Now let’s take an inquisitive look at the graphics card’s PCB:
You can see that the special feature of this card is the redesigned power circuit. This is meant to reduce the cost of the product and shouldn’t be a problem if the main components get stable power and the regulator can provide a higher output current and voltage when necessary (for overclocking with and without volt-modding).
We’ll see the worth of this modified PCB design in practical tests below. Right now, let’s learn more about the card’s technical characteristics.
The N73-GT revision A chip on our sample of the card is dated April 2006. It has a clock rate of 575MHz, i.e. 15MHz above the core frequency of the reference card. There is a protective frame of some porous material around the chip. This is quite an important trifle.
It’s good for the end user whereas the manufacturer reestablishes its good reputation by paying attention to such small things. As you know, there is usually no such frame on GeForce 7 series cards. Here’s a non-reference design to you: Nvidia tried to cut the manufacturing cost, but Palit makes amends for the GPU maker’s weakness.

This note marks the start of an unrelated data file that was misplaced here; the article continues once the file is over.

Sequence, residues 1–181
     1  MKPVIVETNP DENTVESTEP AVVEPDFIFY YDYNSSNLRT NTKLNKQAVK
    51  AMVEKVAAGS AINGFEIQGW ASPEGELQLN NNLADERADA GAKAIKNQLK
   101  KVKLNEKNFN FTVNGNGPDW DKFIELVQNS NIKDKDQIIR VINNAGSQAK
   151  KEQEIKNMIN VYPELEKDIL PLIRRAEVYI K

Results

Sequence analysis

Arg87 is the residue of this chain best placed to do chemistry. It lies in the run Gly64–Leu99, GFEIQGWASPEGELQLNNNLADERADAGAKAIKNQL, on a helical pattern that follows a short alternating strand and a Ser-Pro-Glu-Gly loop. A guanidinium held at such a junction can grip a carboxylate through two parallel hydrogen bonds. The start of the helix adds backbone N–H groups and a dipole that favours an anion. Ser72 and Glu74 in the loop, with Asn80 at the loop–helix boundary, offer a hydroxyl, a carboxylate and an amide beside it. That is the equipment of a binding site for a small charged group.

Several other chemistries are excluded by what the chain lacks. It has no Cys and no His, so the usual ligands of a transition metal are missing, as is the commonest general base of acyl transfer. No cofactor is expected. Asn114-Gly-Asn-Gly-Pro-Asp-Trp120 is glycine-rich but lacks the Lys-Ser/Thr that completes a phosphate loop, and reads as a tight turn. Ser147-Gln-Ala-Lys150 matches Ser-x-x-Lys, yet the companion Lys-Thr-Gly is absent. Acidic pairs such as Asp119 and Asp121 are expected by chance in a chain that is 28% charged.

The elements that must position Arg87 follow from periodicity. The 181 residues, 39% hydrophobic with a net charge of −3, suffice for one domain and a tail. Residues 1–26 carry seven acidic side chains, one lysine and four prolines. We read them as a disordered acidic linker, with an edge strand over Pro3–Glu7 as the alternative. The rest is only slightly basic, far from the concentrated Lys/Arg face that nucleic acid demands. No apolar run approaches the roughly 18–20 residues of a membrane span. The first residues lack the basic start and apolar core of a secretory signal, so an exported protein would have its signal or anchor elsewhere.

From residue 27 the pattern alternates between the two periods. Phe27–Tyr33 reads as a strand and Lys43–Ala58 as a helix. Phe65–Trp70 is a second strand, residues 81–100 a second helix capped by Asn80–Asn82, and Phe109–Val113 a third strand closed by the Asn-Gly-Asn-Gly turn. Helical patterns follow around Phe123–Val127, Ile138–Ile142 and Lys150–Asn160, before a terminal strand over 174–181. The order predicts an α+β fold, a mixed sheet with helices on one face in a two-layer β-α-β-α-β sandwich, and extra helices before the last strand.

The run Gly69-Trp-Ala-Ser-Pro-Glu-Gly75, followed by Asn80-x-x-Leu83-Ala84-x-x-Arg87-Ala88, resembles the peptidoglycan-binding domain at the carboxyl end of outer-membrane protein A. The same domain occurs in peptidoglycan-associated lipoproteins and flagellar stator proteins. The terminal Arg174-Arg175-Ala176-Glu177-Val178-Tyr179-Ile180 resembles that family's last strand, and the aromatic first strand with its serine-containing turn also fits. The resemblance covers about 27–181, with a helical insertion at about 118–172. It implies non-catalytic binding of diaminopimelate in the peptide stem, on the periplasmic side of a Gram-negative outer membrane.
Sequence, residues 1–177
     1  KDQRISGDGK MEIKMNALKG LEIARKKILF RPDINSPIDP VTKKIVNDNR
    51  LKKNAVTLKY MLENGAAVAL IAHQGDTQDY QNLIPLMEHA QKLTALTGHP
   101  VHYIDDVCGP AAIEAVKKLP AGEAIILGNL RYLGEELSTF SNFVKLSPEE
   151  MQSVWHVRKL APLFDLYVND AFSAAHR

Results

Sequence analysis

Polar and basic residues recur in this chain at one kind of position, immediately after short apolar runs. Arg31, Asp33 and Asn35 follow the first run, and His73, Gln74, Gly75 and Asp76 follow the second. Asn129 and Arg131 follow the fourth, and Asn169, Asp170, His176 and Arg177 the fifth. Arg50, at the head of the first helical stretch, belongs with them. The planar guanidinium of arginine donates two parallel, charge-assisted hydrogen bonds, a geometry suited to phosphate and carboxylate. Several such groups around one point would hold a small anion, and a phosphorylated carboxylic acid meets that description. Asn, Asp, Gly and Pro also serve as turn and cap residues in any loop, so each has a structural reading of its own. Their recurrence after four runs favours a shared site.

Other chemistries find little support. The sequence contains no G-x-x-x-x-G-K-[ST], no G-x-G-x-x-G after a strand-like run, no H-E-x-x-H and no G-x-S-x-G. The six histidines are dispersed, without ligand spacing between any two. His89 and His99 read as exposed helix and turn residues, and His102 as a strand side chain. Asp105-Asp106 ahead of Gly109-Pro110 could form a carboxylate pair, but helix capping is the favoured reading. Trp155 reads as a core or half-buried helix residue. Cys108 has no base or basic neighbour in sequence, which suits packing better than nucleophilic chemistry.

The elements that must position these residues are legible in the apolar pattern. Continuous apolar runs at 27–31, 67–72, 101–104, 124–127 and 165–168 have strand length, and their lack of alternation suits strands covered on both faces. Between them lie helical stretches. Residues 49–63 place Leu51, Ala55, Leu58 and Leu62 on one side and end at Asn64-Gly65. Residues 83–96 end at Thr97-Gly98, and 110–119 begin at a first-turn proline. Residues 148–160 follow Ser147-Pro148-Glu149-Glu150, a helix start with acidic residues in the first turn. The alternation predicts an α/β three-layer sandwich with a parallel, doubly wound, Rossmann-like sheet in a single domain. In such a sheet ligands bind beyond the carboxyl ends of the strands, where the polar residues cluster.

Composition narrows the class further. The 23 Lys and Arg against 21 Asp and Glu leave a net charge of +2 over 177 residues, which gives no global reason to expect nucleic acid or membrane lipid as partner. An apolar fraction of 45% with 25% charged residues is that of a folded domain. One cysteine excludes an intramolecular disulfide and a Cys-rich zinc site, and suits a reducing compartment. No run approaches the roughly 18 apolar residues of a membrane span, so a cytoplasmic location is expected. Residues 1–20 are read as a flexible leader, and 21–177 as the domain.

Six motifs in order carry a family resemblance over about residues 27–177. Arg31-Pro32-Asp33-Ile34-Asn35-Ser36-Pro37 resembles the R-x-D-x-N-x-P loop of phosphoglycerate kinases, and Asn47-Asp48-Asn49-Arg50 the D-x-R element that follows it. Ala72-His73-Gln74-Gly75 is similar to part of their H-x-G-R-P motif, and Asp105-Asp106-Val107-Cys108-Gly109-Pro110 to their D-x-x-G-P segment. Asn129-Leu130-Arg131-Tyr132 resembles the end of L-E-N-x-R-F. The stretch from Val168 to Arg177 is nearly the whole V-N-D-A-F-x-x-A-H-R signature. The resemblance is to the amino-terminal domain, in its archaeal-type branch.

We’ve got another and bigger surprise as we approach the memory chips. The Palit graphics card carries Samsung’s chips with a fetch time of 1.2 nanoseconds (this means a frequency of 800 (1600) MHz) instead of 1.4 nanoseconds (a frequency of 1400MHz). The four chips give you a total of 256MB; there are seats for four more chips on the reverse side of the PCB. So, the manufacturer has left some room for further maneuvering: they can release a top version of the card with 512MB of memory or use lower-density chips to make the card cheaper.
It is with the 1.2ns chips that the Sonic card differs from Palit’s ordinary GeForce 7600 GT on the same PCB design. Using better chips, the manufacturer set their frequency at 750 (1500) MHz which is higher than the reference frequency of 700 (1400) MHz. This isn’t much of a growth in comparison with the EVGA e-GeForce 7600 GT CO Superclocked, for example, but good enough, anyway.
The way the cooler is fastened to the card is interesting, too. To remove the cooler, you only have to release the four hooks that hold on to the mounting plate on the reverse side of the PCB. The whole process takes less than five seconds, that’s how fast and easy it is. However, I am personally an opponent of such fastening systems and will not change my opinion in spite of all the advantages of that mechanism.